How to Make an Apple Pie and see the world by Marjorie Priceman almost sounds like it has a secret in the title, doesn't it? And it does! See,it is easy to make an apple pie, unless the market is closed. In which case, pack up your bags, kiddo, because it's time to travel the world (like go to Italy for the grains to make the dough, and then France to get the eggs from what must only be superior chicken in France). This is a fun book! I am totally biased because it involves travel and baking. I mean, hello! The illustrations are whimsical, and there is an apple pie recipe on the last page.
Angola is a beautiful country in Africa, recovering from a 40-year civil war. Its primary language is Portuguese, and its most famous dessert is a custard treat called Cocada Amarela. This is considered a "western style dessert." It has been very challenging finding non-western desserts from Angola. The best recipe I found for this custard calls for six egg yolks. I have four eggs total at the moment. The recipe also calls for grated coconut, which I do not have, either. Normally, I would go to the store and get the ingredients - eggs, coconut....
But seeing the four eggs got me thinking...I'd like to try a non-western Angolan dessert more. And also - as trite as it may sound - the Arizona heat has got the best of me right now.
I urge you to go beyond this recipe (as I have on my own) and simply get to
know this country a little bit more. There are countless people working
toward a better Angola.
In fact, my research has been humbling. My lack of eggs - simply an embarrassment. (My laziness to drive in this heat to get the ingredients is - sigh- simply total laziness.) Endless heat does that to you: makes you lazy! If you, sweet readers, happen to know of a non-western Angolan dessert recipe, please share. I actually may come back to this western-style recipe at some point, mostly because I am still curious about it and my Bakery Traveler Hubby sure likes the sound of a coconut custard. In the meantime, I give you this recipe for Cocada Amarlea from a website after my own food traveling heart.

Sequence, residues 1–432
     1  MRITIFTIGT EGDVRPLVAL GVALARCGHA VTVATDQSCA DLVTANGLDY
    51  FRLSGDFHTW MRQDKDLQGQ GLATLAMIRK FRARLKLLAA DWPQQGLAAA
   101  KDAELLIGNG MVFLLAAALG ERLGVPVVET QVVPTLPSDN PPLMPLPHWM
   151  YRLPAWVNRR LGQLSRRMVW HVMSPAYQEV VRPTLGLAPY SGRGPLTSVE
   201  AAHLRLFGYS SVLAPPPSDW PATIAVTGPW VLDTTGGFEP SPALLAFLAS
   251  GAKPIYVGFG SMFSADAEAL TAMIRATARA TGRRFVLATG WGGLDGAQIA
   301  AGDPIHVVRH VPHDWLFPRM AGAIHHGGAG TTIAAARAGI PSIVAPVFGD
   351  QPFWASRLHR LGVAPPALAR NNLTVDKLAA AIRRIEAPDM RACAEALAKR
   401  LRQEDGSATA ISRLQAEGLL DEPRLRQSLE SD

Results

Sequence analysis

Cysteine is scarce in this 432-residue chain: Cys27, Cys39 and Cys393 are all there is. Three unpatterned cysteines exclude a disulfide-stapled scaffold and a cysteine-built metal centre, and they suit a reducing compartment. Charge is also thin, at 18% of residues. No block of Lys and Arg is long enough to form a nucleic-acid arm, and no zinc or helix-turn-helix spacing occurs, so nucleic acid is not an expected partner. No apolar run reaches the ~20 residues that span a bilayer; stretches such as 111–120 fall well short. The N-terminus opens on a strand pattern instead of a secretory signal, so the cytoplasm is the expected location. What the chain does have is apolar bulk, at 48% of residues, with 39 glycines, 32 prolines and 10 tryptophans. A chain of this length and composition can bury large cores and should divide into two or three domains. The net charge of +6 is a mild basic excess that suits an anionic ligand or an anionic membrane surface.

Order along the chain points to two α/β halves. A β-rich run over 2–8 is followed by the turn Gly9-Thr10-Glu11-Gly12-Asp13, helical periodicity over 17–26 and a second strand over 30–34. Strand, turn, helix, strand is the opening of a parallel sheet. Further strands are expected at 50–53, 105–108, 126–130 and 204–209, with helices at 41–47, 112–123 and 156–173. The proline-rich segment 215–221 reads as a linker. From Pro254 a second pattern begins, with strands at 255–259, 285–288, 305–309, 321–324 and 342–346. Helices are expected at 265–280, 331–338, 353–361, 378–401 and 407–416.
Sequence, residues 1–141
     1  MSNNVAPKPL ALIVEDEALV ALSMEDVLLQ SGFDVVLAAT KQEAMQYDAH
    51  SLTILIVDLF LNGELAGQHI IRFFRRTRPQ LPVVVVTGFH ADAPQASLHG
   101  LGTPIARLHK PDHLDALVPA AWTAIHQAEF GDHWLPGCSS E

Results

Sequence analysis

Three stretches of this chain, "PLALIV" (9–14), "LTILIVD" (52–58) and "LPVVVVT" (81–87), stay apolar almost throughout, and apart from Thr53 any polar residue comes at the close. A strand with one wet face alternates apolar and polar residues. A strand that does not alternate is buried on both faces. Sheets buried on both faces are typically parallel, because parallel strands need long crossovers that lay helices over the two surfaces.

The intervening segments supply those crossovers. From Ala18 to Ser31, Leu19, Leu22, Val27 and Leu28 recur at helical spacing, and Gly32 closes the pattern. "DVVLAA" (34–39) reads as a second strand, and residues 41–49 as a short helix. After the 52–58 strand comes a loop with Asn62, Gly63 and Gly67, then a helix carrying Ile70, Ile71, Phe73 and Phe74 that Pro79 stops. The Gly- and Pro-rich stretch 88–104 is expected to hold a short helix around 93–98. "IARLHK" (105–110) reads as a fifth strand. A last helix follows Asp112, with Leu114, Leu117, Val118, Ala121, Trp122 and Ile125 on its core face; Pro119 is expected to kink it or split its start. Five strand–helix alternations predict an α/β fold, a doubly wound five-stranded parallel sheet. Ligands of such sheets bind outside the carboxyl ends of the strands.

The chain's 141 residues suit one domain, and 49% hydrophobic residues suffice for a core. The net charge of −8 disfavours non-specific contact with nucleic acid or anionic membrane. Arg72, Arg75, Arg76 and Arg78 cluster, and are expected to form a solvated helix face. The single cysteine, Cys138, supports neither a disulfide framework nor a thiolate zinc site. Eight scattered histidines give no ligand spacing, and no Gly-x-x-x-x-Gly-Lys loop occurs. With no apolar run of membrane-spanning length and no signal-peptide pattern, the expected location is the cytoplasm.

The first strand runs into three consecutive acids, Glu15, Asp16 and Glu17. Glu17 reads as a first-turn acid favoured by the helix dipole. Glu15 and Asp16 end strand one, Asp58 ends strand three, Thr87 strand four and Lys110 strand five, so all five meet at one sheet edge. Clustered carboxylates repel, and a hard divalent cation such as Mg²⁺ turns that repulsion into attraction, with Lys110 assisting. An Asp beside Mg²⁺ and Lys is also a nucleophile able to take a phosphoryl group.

First off, it's still hot in the southwest. As one of my favorite local columnists, Karina Bland, wrote for the Arizona Republic newspaper today:
"This year, it hit 100 degrees for the first time on April 21 in Phoenix,
a week and a half earlier than normal. Now it is September, and it
feels as if I've been hot forever. Last month we were breaking records
not only for our high temperatures each day but -- and this is how we
know we're really in trouble -- for our highest lows."
In other words - it is too hot to deep-fry anything right now. Still, this is my favorite Andorran dessert recipe I have found, because, frankly, deep-fried anything pretty much trumps all other options. (Andorra is a small country between France and Spain.) So this fourth stop for the Bakery Traveler World Tour is full-on armchair travel. It's too hot to bake, deep-fry, even go outside to pick-up the mail.
To get back on track, this recipe below, for Party Crispies, further validates my theory that deep-fried dough goodness is recognized around the world. I believe every country loves itself some deep-fried dough sprinkled with cinnamon or sugar, or a cinnamon-sugar combo, and Andorra is no exception.
I’m doing the research and finding the best international desserts and baked goods recipes from around the world for you as we step into September. I’m visiting some wonderful travel-the-world-via-food blogs, web sites, and old-school cook books. I cannot wait to share them with you! Are you ready for September? Is your passport still intact? We’re taking the express train this month. Pack lightly. Who needs the extra baggage? I've got my light shawl packed (see photo above). Its Greek key design reminds me of train wheels, so I couldn't resist snapping a photo of it for this entry.